Keys to implementation:

  • As with sponsors, don’t assume that managers know what it means to be an effective coach—some of the best managers are not effective change managers without proper knowledge and support
  • Give coaches the information they need to be the senders of key messages about how the change will impact individuals

Resistance management

Resistance to change by employees and managers has been cited as the top obstacle to project success in Prosci's last eleven benchmarking studies. The most common reasons for resistance are not tied to the solution you are implementing. Instead, they are often related to the current state and potential misinformation in the organization.

Keys to implementation:

  • Be proactive about managing resistance by identifying what it might look like and where it might come from
  • You can often prevent or mitigate the most common causes of resistance by simply thinking through your change management activities earlier in the change lifecycle

Training

Training is a vital part of building Knowledge of how to change and Ability to change. Many change practitioners are heavily involved in the training portion of a project. Rely on best practices when planning and facilitating your training.

Keys to Implementation:

  • Focus on planning and design (including training needs assessments and involvement with impacted audiences) as this was listed as the top success factor for project-specific training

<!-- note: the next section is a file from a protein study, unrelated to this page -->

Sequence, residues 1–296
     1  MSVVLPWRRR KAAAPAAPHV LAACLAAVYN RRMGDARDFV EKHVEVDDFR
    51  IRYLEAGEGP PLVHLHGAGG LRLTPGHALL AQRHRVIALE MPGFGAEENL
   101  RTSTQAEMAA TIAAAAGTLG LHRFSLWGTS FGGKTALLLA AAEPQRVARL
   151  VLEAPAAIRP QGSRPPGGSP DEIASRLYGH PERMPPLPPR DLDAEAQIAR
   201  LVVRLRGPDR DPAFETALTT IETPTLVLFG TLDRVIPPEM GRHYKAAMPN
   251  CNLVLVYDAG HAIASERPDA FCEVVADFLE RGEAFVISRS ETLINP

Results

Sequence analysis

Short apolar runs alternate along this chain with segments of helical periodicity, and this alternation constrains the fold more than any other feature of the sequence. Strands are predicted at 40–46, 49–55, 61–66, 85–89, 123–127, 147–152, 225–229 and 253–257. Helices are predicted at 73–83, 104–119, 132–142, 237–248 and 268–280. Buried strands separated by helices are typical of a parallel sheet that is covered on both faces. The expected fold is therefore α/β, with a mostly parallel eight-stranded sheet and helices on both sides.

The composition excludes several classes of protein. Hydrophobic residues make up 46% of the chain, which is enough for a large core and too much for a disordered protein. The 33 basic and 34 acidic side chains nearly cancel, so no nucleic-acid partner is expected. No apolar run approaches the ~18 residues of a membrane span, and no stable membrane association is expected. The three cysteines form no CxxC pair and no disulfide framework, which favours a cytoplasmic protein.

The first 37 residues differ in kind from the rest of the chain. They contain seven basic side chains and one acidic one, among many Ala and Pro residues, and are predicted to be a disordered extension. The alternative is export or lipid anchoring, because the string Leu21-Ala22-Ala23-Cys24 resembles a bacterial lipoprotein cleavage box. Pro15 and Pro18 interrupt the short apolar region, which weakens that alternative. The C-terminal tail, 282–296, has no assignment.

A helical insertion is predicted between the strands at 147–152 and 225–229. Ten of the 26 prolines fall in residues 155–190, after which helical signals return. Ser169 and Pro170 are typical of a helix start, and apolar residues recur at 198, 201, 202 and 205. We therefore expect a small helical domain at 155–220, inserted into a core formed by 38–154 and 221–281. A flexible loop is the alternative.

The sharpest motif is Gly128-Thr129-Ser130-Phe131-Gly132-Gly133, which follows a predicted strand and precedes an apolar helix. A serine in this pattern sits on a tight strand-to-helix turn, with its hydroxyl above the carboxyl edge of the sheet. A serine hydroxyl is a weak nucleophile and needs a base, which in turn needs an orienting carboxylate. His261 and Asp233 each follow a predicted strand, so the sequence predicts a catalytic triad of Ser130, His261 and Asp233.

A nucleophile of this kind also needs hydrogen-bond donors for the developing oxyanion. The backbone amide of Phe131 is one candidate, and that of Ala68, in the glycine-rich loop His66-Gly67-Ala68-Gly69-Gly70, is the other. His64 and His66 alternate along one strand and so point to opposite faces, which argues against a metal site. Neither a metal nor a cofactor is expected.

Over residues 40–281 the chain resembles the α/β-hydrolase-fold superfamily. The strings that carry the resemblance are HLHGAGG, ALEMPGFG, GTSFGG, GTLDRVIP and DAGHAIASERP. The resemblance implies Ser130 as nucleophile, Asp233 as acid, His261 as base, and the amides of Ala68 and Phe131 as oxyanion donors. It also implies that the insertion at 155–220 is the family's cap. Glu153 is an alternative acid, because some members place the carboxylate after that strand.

• Make sure your training is delivered at the right time, when employees are in the Knowledge and Ability stages of the ADKAR Model

Reinforcement

If people revert back to the old way of doing things after implementation, you have not only wasted time and resources, but your solution will not generate the benefit or ROI you expected. While Reinforcement is often overlooked, it is the bridge between the period of change (the transition state) and how things will be done after implementation (the future state).

Keys to implementation:

  • Be proactive, systematic and explicit when developing the mechanisms to reinforce the change
  • Engage sponsors and coaches in Reinforcement as they will be keys to creating the expectation that change will be maintained

Accelerate change with a structured approach

The Checklist for Your Change Management Approach can enable you to be proactive, systematic and thorough in your change management work. The people side of your change is too important to be left to chance. You can accelerate change and minimize the disruption by thinking ahead and using a structured approach. Remember that change management is not:

  • Just communication
  • Just addressing resistance
  • Just training
  • Just sponsorship
  • Just assessing
  • Just identifying and mitigating risk
  • Just informing people

Change management is the process, tools and techniques to manage the people-side of change to achieve a required business outcome. By understanding individual and organizational change, and the tools you have to influence change, you can accelerate change adoption in your organization.

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Written by
Tim Creasey
Tim Creasey

Tim Creasey is Prosci’s Chief Innovation Officer and a globally recognized leader in change management. His work forms the foundation of the largest body of knowledge in the world on managing the people side of change to deliver organizational results.